Algae biofuel is something of a dream renewable fuel source: it can thrive on non-agricultural land, use wastewater and absorb carbon dioxide. But development of cost-competitive algae biofuel production will remain a dream for years to come, according to a new report from the Energy Biosciences Institute (EBI) in Berkeley.
“Even with relatively favorable and forward-looking process assumptions (from cultivation to harvesting to processing), algae oil production with microalgae cultures will be expensive and, at least in the near-to-mid-term, will require additional income streams to be economically viable,” said authors Nigel Quinn and Tryg Lundquist of Lawrence Berkeley National Laboratory.
They drew the conclusion after carrying out a detailed techno-economic analysis of algal biofuel production. The project is one of the over 70 studies on bioenergy now being pursued by the EBI and its scientists at the University of California at Berkeley, the University of Illinois in Urbana-Champaign, and Berkeley Lab.
Research and development
Currently there are over 100 companies worldwide developing algal biomass and oil for use in transport but all of these small operations have yet to operate a pilot plant with multiple acres of algae production systems. There are exceptions, though. Exxon Mobil has committed $600 million to the technology while Shell and Italian oil company Eni have also algae-related fuel projects in the pipeline.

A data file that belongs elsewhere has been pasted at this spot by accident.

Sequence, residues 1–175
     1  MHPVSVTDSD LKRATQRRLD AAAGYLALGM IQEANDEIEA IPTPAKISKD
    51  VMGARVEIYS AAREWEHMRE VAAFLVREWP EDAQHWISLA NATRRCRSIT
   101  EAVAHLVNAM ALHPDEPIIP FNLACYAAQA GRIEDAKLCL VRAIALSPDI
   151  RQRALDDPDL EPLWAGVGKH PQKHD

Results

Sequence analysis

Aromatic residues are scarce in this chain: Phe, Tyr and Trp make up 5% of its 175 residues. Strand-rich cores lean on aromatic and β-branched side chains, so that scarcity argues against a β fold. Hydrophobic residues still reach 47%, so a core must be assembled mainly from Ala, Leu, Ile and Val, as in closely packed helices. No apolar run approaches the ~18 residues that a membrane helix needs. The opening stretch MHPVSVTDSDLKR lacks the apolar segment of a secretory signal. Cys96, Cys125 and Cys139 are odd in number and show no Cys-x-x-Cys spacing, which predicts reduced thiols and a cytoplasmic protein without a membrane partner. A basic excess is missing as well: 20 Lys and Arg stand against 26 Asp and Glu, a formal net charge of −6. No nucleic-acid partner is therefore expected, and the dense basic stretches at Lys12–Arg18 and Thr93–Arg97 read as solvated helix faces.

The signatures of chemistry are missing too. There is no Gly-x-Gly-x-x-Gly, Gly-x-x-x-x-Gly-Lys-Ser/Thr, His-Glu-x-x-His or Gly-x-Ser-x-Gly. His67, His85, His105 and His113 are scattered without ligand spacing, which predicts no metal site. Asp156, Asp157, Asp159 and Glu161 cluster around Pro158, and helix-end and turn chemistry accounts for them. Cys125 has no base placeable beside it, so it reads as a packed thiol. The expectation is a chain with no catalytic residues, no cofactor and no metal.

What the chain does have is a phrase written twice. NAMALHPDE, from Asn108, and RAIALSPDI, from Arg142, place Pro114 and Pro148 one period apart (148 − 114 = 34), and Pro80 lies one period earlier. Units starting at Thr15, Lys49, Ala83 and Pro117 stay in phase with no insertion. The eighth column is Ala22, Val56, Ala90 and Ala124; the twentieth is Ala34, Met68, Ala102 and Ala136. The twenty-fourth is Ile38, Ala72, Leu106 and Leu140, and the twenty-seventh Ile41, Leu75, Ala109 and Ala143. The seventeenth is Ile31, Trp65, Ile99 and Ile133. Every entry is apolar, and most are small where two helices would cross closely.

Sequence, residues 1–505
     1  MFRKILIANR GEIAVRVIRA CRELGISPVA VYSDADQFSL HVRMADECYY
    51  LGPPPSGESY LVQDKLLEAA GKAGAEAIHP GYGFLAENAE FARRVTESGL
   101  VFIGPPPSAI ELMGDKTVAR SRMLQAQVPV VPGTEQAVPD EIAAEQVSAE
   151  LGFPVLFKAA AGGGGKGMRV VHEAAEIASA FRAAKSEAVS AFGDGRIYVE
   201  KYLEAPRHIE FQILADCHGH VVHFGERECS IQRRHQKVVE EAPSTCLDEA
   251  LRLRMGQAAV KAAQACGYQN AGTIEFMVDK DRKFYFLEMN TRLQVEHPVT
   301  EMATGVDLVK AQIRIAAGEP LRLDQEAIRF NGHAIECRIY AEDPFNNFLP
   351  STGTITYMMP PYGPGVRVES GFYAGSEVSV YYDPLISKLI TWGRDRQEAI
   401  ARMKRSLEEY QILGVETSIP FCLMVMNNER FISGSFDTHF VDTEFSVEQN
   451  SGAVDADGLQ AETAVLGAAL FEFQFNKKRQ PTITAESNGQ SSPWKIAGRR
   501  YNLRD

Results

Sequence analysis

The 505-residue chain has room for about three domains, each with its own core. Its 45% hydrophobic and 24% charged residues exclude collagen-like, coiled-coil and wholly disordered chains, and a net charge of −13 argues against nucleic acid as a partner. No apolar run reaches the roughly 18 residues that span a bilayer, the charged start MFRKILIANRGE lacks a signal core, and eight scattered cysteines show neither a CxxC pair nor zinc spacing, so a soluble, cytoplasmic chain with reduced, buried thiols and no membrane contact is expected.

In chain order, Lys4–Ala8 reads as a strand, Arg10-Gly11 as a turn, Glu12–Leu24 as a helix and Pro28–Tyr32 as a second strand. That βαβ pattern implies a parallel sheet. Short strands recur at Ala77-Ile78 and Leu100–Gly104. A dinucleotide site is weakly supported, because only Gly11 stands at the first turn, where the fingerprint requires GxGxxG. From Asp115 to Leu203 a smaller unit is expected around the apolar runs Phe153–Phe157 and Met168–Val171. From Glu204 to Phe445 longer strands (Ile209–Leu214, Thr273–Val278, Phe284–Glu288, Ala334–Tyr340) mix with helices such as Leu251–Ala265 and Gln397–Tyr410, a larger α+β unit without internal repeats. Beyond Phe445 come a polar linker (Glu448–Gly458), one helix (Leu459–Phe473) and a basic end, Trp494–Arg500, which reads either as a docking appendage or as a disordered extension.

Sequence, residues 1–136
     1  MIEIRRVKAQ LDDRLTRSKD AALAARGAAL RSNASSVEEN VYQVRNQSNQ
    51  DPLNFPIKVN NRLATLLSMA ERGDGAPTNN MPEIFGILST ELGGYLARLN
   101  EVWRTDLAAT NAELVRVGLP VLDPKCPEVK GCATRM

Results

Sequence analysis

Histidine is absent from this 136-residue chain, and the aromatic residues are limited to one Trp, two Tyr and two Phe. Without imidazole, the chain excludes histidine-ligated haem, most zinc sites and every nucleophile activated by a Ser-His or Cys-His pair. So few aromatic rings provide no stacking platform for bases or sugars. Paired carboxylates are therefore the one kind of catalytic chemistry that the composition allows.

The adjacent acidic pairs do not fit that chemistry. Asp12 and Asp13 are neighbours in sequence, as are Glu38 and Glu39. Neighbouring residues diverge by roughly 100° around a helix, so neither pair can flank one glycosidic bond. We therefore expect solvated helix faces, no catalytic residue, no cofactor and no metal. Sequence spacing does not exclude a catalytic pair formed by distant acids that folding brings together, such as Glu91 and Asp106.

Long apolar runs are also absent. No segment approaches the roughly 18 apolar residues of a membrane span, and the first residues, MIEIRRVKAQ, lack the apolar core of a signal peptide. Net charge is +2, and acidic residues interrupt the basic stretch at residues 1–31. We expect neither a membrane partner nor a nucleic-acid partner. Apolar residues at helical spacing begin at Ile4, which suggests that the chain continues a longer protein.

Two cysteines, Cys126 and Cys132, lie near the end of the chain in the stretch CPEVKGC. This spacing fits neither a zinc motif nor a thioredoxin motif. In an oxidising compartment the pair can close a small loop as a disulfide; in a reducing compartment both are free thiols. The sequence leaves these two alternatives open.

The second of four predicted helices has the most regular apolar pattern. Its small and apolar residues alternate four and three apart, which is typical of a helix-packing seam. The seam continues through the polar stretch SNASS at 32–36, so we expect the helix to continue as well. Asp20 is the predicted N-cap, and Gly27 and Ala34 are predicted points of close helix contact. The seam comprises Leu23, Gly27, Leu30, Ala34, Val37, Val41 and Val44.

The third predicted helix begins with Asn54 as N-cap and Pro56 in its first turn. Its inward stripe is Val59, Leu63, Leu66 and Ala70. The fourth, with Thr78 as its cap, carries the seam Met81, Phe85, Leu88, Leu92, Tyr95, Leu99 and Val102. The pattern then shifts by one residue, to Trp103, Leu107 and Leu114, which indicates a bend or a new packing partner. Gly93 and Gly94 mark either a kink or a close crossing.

The U.S. government has also funded several projects and in Europe the EU has funded three 25-acre pilot projects. All of these projects have one common goal: to prove that it is possible to culture algae on a mass scale with current or upcoming technology within the technical and economic limits required for biofuel production.
The report also notes that global resource availability will be a major controller of algae production. These include suitable climate, water, flat land and carbon dioxide, which must be available in one location for “optimal algal biomass production”.
The potential for this type of renewable energy is encouraging. The U.S. alone could produce several billion gallons annually. But to get there the industry will have to carry on with the homework.
Article by Antonio Pasolini, a Brazilian writer and video art curator based in London, UK. He holds a BA in journalism and an MA in film and television.